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The bull has been waiting on the sidelines all year, and it has finally arrived. Jim Cramer sees things going right all around him, which is how the Dow and the have both rallied to record levels recently.
The market smells like a bull, and it sure is acting like a bull. Sure enough, Cramer says it is a bull!
"In a bull market things go right. That's just what happens. Worries get squashed, objections get rebutted and fears are quelled," said Cramer.
Take JPMorgan, for instance. On Monday night news broke that U.S. officials are investigating whether large banks like JPMorgan have rigged the gold market. So the stock should tank, right?
Wrong. The company even announced it would start charging large customers deposit fees, and when someone suggested that the bank break up into smaller pieces, executives flatly refused. The result? The stock enjoyed one of the biggest gains it has ever had. The bulls definitely took a run on that one.
The next bull market stock of the week was First Solar. Cramer has been hoping for ages that this company would finally split itself up between finished solar products that provide yield and a manufacturer that provides growth. It just wasn't happening.
Then, on Tuesday, First Solar announced a joint venture with another company and then set that up for yield. That's exactly what Cramer's been looking for, and the stock lit up 10 percent as a result.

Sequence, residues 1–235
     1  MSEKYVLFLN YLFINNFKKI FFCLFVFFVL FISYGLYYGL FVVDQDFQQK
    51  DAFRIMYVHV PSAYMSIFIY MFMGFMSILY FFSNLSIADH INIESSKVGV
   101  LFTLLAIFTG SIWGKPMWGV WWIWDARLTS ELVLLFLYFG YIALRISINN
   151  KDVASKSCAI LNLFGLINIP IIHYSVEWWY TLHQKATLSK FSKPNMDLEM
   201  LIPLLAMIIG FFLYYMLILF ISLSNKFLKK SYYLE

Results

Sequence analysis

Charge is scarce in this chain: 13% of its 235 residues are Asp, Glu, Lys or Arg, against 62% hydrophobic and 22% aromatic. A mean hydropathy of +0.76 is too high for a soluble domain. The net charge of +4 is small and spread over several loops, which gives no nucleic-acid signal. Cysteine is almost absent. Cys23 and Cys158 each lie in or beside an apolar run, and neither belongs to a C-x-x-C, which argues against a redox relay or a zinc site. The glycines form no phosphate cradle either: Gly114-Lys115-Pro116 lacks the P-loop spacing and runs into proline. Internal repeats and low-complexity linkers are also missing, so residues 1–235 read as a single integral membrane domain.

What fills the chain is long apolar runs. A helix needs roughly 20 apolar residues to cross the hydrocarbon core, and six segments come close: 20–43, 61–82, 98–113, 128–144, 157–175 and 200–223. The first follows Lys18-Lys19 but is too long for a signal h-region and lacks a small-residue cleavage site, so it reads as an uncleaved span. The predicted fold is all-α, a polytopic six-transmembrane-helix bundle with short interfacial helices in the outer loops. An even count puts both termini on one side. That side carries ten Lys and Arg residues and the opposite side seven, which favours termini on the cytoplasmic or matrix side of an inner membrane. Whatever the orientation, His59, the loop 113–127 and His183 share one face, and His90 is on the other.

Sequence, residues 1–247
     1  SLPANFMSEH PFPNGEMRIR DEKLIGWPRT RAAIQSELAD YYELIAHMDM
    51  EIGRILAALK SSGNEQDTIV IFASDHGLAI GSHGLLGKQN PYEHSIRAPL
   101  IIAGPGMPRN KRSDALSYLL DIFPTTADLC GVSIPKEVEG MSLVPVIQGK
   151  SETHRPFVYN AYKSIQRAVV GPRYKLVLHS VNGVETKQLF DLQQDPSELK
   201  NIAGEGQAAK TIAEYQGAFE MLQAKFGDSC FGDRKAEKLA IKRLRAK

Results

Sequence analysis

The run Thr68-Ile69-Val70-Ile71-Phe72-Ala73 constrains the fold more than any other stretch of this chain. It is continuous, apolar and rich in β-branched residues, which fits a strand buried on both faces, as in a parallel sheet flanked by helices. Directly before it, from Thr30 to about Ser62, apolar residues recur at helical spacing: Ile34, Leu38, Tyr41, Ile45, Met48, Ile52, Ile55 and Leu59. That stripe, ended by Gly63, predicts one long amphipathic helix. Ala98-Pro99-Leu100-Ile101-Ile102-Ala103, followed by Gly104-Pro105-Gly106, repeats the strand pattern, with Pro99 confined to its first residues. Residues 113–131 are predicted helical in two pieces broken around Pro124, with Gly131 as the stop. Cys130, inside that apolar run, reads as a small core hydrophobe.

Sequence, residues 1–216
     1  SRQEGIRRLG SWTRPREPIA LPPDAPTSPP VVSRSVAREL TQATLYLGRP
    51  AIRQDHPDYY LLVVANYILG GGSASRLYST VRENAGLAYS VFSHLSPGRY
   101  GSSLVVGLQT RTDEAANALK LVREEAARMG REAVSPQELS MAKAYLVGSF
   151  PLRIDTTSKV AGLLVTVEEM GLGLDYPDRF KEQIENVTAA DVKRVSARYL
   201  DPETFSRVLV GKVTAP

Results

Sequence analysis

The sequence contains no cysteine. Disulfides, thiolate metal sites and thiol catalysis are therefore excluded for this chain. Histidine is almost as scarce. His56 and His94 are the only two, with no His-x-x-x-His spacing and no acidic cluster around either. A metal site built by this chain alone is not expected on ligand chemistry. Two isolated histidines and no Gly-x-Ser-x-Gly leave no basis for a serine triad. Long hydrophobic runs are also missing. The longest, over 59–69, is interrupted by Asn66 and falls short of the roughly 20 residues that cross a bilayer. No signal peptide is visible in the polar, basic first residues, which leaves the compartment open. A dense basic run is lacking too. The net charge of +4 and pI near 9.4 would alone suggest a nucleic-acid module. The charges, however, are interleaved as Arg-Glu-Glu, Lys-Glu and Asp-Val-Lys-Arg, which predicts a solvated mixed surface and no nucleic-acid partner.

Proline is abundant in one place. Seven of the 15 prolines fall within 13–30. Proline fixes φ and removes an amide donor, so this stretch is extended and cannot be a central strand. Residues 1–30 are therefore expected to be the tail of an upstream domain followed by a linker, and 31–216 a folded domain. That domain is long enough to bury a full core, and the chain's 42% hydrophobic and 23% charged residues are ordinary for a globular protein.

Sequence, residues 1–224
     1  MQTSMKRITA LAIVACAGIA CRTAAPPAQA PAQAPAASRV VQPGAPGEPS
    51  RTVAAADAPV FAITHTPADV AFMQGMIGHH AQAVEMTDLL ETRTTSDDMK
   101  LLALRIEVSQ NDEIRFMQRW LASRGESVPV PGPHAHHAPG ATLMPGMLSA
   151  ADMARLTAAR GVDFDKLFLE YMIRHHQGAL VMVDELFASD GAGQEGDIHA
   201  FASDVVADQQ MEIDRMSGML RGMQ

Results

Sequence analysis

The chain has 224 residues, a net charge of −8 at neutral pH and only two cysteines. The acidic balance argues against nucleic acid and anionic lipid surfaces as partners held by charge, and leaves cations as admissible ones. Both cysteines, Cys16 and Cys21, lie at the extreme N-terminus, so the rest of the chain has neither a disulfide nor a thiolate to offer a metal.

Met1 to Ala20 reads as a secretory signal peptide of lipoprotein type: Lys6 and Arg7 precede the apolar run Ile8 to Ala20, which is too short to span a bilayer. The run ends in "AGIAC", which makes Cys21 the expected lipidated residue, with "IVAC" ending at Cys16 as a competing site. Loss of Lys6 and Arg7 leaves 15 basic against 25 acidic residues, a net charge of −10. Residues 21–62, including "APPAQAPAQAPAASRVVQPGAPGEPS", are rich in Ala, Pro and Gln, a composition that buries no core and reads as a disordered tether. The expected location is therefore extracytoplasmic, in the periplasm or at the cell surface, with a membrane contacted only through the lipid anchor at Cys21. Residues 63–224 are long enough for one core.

"In a bear market, even things that make sense don't work. In a bull market, they work writ large," Cramer said.
Or take this textbook bull case: Cracker Barrel. Last week, Cramer said that Cracker Barrel would blow away the numbers because lower gas prices have turned consumers to traveling by car. Cracker's link to the interstate highway system would give them a unique advantage.
Sure enough, it rocked the quarter, citing the benefit of serving as a convenient place to stop for travelers.
Then there was the Fed Chief Janet Yellen on Tuesday. Previously, investors would have waited and held their breath for the Fed to drop big news and cause the market to violently swing. But Yellen? She was a different story.
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Cramer saw that Yellen came, said nothing, and conquered. "Believe me, that only happens when the bullish stars are aligned and Ursa Major gets obliterated by Taurus."
So when things go right in a bull market, stocks go up. And when they don't go right, investors find reasons to cheer and buy stocks anyways.
That's how the market goes higher. It certainly smells like a bull, and Cramer foresees that it will keep running higher than he has seen in a long time.